The official media material says:
Black Panther earns three Oscars. Since its inception Marvel Studios’ Black Panther has provoked and stoked a wide range of interest, and now that the blockbuster film is the recipient of three Oscars the film’s acclaim extends beyond the box office.
No, it didn’t get the top prize, but it was a barrier breaker as Ruth Carter was the first black woman to ever win in the Costume Design category; and another first for a black artist when Hannah Beachler took the trophy, which she shared with Set Decorator Jay Hart, in Production Design. Additional spice arrived when Ludwig Goransson earned an Oscar for the Best Score in a Motion Picture.
These awards and other nominations for Black Panther augurs well for populist cinema that is traditionally scorned when it comes to taking home the coveted awards, particularly an Oscar, which is Marvel’s first.
It’s a good bet the honors to Black Panther will not only boost the appreciation for populist cinema, it should also enhance the appeal of a number of products and projects such as Black Panther: A Paradigm Shift or Not? the forthcoming anthology at Third World Press, edited by Haki Madhubuti and Herb Boyd. “All of the celebration and awards for the film is nothing to thumb your nose at and we at Third World Press extend all our good wishes and hope we can do as well with our publication,” said Madhubuti, the press’s publisher and founder.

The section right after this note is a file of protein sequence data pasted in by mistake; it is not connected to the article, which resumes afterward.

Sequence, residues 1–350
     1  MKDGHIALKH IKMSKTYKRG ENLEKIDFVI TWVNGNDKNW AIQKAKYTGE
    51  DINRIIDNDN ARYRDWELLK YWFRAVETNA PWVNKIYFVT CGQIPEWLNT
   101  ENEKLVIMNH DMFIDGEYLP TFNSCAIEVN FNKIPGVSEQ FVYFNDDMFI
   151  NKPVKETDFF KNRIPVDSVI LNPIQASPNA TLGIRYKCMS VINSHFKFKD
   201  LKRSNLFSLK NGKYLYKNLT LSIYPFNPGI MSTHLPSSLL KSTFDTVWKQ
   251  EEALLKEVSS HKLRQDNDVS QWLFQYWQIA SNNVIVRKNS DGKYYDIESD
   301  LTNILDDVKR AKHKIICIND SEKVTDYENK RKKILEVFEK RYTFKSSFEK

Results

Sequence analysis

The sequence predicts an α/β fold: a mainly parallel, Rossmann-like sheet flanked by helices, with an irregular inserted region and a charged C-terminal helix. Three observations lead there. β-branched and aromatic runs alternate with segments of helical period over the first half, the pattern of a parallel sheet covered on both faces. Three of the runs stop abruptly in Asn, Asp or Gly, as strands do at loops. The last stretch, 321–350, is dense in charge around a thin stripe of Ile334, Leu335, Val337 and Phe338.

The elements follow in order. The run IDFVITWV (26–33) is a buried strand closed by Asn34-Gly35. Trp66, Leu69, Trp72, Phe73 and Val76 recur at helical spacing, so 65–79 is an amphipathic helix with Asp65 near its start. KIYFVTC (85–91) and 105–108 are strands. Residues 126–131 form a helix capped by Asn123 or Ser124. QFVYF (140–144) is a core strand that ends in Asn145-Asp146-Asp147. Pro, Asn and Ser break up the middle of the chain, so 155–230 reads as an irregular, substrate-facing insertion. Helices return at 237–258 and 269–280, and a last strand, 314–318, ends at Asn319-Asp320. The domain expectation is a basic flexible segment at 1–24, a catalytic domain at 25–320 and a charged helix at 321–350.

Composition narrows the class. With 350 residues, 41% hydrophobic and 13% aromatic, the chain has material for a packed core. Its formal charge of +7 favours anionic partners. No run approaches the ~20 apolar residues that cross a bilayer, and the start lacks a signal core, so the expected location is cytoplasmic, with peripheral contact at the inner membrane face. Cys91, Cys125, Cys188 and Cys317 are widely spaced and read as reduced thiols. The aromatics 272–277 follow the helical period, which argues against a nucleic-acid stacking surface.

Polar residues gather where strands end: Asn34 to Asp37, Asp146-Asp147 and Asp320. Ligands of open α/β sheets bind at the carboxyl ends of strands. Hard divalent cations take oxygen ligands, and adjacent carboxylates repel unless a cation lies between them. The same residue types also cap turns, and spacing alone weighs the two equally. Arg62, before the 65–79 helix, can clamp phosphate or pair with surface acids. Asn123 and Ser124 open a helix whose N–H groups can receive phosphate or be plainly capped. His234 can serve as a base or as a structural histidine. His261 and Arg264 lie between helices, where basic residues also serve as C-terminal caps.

The anthology, which includes more than forty writers, film critics, scholars, and activists, has a timely appearance and should be able to reap some of the renewed media attention the film has sparked. Among the contributors are Nicole Mitchell Gantt, Jelani Cobb, Brent Staples, Abdul Alkalimat, Bobby Seale, Robyn Spencer, Diane Turner, Greg Tate, Maulana Karenga, Marita Golden, and Molefi Keta Asante, et al.
As may be discerned from the contributors the anthology is a compilation of mixed views and opinions―with both praise and a critique of the film. “The film has aroused a variety of conclusions, a wellspring of differences that we felt compelled to give them a forum,” said Boyd. “Like the film, the views expressed in the book are often very provocative.”